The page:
Die Zimmer

Paracelsus is spending time this week thinking about his parent’s fiftieth anniversary. He’s pulled out his family tree charts and is puzzling over the generations that came before. Coincidentally, the movie The Titanic has just been released in video (Wait! Stop! Please don’t rush away to rent it just yet — I should never have mentioned it this early in the column).

What’s the coincidence?

The Titanic was 882.5 feet long. It sank in the middle of the North Atlantic. There is a great temptation to think that the icy dark water that closed over it is, effectively, infinitely deep. It just went down down down into another realm entirely, a separate reality, a different world. But in fact, it’s sitting on the ocean bottom some 12,500 feet below the waves. That’s only 14.2 lengths of the Titanic deep. Because of the Titanic’s titanic size, it didn’t really fall that far relative to its length. The equivalent depth for a human six feet tall would be 85 feet deep. Deep, but not crazy go to heck and back deep.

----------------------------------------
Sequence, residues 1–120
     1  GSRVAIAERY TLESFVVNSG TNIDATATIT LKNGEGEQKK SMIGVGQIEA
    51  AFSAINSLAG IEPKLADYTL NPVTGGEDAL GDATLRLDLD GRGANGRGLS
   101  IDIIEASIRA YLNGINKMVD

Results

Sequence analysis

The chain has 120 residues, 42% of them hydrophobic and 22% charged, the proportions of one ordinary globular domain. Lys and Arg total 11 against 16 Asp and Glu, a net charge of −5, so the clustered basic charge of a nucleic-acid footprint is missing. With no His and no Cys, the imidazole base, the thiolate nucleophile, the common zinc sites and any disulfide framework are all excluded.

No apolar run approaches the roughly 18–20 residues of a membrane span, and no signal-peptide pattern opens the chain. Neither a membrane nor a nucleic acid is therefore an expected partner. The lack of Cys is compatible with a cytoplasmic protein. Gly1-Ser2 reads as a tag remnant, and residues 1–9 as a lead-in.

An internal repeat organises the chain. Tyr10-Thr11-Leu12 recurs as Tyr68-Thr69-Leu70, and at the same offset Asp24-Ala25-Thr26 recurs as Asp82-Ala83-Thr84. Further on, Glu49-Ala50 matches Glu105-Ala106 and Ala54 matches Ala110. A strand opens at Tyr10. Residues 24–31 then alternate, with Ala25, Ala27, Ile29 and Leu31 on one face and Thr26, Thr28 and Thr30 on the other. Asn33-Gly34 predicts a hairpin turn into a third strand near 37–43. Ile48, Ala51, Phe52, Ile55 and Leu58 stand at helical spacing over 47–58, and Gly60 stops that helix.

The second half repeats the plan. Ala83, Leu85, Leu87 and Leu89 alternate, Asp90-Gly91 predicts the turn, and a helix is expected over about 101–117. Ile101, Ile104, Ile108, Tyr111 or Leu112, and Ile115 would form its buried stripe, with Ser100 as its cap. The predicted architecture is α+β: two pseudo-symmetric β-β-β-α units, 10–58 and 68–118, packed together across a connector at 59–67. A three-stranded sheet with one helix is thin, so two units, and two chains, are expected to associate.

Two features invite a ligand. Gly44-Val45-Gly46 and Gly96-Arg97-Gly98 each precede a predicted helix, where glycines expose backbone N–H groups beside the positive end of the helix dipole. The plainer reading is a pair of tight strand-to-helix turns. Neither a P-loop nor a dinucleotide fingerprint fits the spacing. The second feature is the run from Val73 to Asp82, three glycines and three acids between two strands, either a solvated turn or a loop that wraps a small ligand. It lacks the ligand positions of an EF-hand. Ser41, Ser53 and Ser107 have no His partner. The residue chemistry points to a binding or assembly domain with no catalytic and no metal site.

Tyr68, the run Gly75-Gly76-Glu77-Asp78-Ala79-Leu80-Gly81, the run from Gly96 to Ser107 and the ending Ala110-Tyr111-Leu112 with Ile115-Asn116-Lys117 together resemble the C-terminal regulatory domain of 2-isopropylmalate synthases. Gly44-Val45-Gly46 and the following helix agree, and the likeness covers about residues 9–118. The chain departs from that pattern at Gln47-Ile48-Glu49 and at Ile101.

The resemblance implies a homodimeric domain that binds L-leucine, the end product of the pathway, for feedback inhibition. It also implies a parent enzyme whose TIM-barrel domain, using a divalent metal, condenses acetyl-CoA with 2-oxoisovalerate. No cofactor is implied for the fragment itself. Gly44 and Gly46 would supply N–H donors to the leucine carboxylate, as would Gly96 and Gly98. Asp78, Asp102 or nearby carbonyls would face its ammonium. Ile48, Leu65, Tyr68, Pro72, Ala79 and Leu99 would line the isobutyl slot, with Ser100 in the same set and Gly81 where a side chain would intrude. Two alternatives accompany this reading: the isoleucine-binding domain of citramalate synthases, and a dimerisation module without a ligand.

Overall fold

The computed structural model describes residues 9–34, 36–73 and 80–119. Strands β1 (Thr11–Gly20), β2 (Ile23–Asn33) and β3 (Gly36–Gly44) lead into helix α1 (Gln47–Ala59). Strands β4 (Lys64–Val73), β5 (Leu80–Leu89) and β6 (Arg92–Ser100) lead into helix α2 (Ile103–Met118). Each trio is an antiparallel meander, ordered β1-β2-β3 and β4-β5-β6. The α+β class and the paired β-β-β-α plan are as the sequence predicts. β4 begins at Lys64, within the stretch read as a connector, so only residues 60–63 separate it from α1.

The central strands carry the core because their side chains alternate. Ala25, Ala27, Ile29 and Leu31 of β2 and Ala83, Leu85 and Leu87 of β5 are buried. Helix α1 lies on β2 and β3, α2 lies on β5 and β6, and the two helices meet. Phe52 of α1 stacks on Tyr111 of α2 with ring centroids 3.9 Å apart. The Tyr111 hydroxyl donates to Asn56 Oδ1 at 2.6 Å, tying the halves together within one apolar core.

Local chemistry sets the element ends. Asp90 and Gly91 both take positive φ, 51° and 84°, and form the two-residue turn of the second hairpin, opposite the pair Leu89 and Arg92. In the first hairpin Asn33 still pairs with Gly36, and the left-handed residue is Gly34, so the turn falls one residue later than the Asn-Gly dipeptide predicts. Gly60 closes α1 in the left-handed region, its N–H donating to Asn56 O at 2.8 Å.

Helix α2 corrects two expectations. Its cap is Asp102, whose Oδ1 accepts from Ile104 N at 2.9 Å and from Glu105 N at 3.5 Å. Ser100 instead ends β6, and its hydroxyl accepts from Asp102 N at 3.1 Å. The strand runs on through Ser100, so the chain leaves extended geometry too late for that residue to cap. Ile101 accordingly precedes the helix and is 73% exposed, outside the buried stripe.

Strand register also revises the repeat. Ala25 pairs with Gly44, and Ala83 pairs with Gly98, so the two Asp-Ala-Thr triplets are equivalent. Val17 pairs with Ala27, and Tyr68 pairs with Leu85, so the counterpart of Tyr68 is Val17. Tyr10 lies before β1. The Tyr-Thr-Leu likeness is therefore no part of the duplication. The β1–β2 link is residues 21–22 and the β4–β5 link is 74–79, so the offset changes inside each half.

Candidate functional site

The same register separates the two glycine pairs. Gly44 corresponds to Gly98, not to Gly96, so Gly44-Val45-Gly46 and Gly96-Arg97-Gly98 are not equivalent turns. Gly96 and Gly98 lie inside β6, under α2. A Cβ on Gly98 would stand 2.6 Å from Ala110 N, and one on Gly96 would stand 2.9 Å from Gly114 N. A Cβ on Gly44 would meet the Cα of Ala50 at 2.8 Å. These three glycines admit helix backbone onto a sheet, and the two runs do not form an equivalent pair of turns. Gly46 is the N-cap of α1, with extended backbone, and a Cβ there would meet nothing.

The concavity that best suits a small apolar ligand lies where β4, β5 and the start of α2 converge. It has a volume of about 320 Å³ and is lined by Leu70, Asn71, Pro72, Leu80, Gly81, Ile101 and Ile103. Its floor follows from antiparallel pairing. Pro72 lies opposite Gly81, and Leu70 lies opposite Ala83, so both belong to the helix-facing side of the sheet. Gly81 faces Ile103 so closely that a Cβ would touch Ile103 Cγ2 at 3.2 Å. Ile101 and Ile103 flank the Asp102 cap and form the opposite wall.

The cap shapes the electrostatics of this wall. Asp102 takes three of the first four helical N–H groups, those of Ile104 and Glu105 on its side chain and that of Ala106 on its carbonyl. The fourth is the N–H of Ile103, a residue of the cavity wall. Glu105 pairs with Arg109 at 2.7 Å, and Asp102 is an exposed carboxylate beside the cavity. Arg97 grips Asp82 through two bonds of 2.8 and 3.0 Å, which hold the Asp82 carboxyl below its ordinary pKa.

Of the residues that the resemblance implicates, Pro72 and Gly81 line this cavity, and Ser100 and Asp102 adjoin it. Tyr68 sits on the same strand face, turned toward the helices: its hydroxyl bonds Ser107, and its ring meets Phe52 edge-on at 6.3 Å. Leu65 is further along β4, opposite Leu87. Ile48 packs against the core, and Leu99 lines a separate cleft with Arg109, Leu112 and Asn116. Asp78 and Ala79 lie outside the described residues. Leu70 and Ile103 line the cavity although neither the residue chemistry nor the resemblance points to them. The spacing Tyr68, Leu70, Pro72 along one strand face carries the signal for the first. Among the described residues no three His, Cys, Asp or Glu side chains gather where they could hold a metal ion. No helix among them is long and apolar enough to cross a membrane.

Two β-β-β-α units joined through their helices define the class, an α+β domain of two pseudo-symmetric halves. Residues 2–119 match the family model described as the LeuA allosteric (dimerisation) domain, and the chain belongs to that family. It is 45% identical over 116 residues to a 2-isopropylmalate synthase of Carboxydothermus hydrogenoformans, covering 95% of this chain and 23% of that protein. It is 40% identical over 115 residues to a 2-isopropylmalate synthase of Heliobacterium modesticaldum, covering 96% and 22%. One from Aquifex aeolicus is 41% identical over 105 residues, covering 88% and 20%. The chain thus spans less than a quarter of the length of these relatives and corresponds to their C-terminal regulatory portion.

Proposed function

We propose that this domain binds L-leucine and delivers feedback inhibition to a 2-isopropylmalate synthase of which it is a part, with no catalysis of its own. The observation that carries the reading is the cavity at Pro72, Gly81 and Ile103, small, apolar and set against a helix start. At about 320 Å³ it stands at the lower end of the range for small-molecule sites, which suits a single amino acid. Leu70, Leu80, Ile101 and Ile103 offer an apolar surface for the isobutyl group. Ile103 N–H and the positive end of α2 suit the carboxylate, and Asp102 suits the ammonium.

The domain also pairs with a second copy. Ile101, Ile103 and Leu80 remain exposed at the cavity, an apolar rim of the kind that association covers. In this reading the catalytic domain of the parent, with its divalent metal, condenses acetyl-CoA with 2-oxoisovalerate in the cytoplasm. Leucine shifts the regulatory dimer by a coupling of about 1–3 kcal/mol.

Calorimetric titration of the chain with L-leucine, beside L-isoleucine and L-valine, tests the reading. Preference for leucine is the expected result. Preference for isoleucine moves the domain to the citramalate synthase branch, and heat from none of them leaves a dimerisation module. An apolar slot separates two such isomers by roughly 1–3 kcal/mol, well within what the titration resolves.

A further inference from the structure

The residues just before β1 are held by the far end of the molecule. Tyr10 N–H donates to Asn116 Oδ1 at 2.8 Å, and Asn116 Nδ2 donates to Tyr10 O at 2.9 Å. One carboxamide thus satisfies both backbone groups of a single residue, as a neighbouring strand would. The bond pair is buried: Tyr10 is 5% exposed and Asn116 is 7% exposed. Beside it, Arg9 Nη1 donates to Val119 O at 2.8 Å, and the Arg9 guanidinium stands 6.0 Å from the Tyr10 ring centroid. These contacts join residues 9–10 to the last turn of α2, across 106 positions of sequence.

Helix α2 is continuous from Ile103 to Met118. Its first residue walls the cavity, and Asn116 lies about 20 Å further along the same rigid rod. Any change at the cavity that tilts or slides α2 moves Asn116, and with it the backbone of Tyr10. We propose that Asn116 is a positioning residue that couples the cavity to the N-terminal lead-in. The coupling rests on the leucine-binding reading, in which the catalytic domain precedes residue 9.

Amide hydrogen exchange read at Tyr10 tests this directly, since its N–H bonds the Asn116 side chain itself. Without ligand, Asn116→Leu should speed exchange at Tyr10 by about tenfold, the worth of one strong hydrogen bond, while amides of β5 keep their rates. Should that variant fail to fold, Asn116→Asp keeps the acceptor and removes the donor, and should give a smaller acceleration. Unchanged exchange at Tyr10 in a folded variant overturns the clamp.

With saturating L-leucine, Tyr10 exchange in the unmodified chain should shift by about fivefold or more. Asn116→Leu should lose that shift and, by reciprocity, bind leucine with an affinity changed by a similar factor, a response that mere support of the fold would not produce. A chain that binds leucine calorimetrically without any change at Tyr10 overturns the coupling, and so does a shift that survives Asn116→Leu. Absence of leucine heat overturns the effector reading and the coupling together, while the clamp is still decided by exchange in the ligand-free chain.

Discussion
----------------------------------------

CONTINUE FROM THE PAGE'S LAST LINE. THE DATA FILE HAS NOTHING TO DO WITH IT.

When I first saw this depicted graphically, I was immediately struck by the image of a person’s life stretched back across time; the water isn’t really as deep as it seems. Lincoln pronounced the words “four score and seven years” in Gettysburg only 1.93 seventy-year lifetimes ago. And four score and seven years before that, the Revolutionary War, is only 3.17 seventy-year spans underwater. Deep, but not crazy go to heck and back deep.

This is strangely comforting to me. I can picture the sloping deck of the Titanic, not in a storybook dimension beyond imagination, but gently resting on a solid muddy landscape. And I can picture my great great grandfather Jay Whittington Lewis marching along muddy North Carolina roads to join the Confederate army. He’s still there, just as my parents are still kissing each other with wedding cake in hand. The past is more present than it seems. And that’s pure gold.

The persistence of the past figures into this week’s contribution: we are fortunate to be joined once again by St. Frank (see his wild tale of debauchery under the Christmas tree in the Naked Felix, in case you missed it the first time around). This time he takes us to a small room far far away (unless, of course, you’re reading this in Germany).

Continue reading “Die Zimmer”